Refinancing your mortgage can save tons of money. But refinancing isn’t for everyone.

4 minute read

Are you wondering if mortgage refinancing – paying off an existing mortgage and replacing it with a new mortgage loan – is right for you? People typically refinance for a lower interest rate, often with a shorter loan term to save thousands of dollars on interest.

Refinancing typically involves a new credit check and another round of appraisal and closing costs. Your home must also meet a new mortgage lender’s loan-to-value (LTV) ratio, which is the amount you still owe on your original mortgage compared with the home’s appraised value. Just like with your original mortgage, you’re taking on a huge commitment.

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1. Save money with a more favorable interest rate

When interest rates drop, homeowners flock to lenders to shop for a mortgage that can save thousands of dollars over the life of the loan and could lower monthly payments. Savings on interest with a lower rate can be huge.

For example, on a 30-year mortgage at 6.0% interest and monthly payments of $1,199, the borrower would pay around $14,388 per year on the loan. However, on a 30-year loan with a 5.5% rate and monthly payments of $1,136, the homeowner would pay only $13,632 a year, a savings of $63 a month, more than $750 per year.

For example, compare the monthly payments (for principal and interest) on a 30-year fixed-rate loan of $200,000 at 5.5% and 6.0%.

2. Decrease the loan term to save thousands of dollars

Decrease the loan term to save thousands of dollars

Another way to save by refinancing your mortgage is to get a shorter loan term on the new mortgage. Generally, a 15-year mortgage comes with a slightly higher monthly payment but has a lower interest rate than a 30-year mortgage.

For example, with a 30-year loan at 6.0% with monthly payments of $1,199, you’ll pay more than $230,000 in interest. However, with a 15-year loan at 5.5% and monthly payments of $1,634, you’ll pay only around $94,000 in interest, a savings of $137,640 over the life of the loan.

For example, compare the total interest costs for a fixed-rate loan of $200,000 at 6% for 30 years with a fixed-rate loan at 5.5% for 15 years.

3. Increase the loan term for lower monthly payments

Increase the loan term for lower monthly payments

If your original mortgage is a 15-year loan, and you find that you’re having trouble making monthly payments, refinancing for a longer loan term will likely lower your monthly payments to a more affordable amount. However, while refinancing to increase your loan term can free up more money each month, it’s a short view of your financial situation.

By refinancing for a longer loan term, you may pay tens of thousands of dollars more than you’d have paid on the original mortgage. With that in mind, it might be better to look for a higher-paying or additional part-time job or trim other expenses in your monthly budget rather than refinance.

4. Get cash from equity on your home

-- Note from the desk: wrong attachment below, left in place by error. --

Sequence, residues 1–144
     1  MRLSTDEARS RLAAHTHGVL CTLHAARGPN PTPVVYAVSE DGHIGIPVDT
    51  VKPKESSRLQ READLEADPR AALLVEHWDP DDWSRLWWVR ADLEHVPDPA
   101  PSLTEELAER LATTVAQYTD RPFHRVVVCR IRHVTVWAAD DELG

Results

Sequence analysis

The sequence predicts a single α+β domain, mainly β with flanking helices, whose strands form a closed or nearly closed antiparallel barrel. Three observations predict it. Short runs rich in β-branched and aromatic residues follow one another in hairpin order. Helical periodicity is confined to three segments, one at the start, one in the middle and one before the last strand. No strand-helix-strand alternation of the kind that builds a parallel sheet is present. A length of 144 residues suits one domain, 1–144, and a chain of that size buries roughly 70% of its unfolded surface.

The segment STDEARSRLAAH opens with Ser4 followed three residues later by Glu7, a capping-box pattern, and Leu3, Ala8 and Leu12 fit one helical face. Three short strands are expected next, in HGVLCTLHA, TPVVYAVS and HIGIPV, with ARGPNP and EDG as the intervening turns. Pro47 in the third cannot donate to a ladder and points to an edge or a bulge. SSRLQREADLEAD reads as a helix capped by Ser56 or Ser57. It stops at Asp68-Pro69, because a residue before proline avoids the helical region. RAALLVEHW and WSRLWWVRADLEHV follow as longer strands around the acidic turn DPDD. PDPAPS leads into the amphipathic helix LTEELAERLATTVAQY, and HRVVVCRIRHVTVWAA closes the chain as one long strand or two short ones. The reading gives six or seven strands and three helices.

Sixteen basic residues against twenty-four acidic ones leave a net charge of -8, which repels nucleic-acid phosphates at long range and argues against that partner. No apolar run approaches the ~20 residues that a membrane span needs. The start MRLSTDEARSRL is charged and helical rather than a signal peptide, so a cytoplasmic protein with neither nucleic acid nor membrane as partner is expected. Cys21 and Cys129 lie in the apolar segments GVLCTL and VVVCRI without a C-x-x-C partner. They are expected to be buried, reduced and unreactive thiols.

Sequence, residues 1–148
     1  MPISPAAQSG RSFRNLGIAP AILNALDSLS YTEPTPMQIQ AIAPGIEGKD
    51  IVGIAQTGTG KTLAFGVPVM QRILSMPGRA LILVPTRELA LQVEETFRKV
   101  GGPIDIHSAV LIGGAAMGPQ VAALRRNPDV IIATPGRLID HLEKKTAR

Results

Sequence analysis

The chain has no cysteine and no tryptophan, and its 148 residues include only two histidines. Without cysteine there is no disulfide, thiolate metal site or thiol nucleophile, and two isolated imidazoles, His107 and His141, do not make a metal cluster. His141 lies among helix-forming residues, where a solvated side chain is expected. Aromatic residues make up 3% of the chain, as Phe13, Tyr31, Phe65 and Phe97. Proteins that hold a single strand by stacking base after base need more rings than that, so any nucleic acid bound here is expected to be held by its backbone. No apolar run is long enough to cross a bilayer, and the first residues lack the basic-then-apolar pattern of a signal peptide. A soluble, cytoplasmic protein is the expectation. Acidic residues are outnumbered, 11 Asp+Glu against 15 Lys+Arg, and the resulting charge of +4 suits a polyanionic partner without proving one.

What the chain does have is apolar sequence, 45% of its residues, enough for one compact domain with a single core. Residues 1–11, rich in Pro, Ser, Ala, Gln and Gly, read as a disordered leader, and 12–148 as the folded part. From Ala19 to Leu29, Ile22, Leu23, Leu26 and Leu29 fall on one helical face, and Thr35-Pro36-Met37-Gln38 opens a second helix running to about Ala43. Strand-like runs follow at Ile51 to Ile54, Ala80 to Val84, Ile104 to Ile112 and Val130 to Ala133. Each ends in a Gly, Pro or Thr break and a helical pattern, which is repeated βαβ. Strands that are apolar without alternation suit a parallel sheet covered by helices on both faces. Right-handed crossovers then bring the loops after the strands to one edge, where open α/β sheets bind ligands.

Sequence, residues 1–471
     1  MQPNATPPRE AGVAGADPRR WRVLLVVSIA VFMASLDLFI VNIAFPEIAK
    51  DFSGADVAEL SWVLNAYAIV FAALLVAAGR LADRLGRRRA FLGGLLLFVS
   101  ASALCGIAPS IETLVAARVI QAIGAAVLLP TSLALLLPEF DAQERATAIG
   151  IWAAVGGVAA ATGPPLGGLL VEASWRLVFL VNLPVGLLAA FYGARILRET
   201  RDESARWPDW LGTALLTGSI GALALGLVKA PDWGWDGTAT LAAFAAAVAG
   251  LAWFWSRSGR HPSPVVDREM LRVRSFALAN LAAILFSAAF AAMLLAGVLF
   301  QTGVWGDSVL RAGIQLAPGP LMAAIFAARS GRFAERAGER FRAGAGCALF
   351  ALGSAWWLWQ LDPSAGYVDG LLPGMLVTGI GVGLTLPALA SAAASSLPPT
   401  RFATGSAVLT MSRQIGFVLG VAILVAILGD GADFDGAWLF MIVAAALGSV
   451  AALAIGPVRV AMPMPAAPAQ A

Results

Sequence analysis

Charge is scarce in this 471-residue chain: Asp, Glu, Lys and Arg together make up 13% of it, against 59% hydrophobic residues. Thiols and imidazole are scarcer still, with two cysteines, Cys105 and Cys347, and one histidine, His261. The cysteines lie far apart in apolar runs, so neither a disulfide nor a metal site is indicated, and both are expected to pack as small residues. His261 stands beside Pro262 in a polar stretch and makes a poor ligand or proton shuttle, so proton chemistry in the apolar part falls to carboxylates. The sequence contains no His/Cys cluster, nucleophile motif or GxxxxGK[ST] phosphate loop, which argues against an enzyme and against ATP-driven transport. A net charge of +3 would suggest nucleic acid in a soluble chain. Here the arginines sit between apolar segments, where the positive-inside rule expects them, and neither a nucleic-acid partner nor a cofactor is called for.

If you’ve been paying on your mortgage for a while, especially if you put a sizeable down payment toward the purchase, you may have equity – the difference between what you owe on the mortgage and the actual value of your house – in the home. When you have equity in your home, you may be able to do a “cash-out” refinance with a new mortgage for a greater amount than what you currently owe.

Cash-out refinancing may not be the best way to pay off debt, though. The Federal Reserve Board recommends looking instead into a home equity line of credit, a revolving line of credit in which your home serves as collateral.

5. Avoid a prepayment penalty

Avoid a prepayment penalty

Some lenders charge a prepayment penalty when you pay your mortgage off early, including when you refinance. Before refinancing, find out from the original mortgage lender whether your mortgage has a prepayment penalty fee and how much it will be.

You may be able to get the prepayment penalty waived if you refinance with the same lender. However, if you must pay a prepayment penalty, weigh the cost of the penalty (along with closing costs and other refinancing fees) against any savings you expect to gain from refinancing.

6. Make sure the timing is right

Often refinancing can save thousands of dollars. However, if you’re planning to move in the next few years, you may not come out ahead with a new mortgage, even one with a lower interest rate.

That’s because the savings gained from refinancing may not outweigh the costs of the refinance itself. To find out whether refinancing could be worthwhile, use a mortgage refinance calculator to calculate if you will break even by recovering closing costs in one, two, or three years.

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About the Author

Deb Hipp

Deb Hipp

Deb Hipp is a full-time freelance writer based in Kansas City, Mo. Deb went from being unable to get approved for a credit card or loan 20 years ago to having excellent credit today and becoming a homeowner. Deb learned her lessons about money the hard way. Now she wants to share them to help you pay down debt, fix your credit and quit being broke all the time. Deb's personal finance and credit articles have been published at Credit Karma and The Huffington Post.

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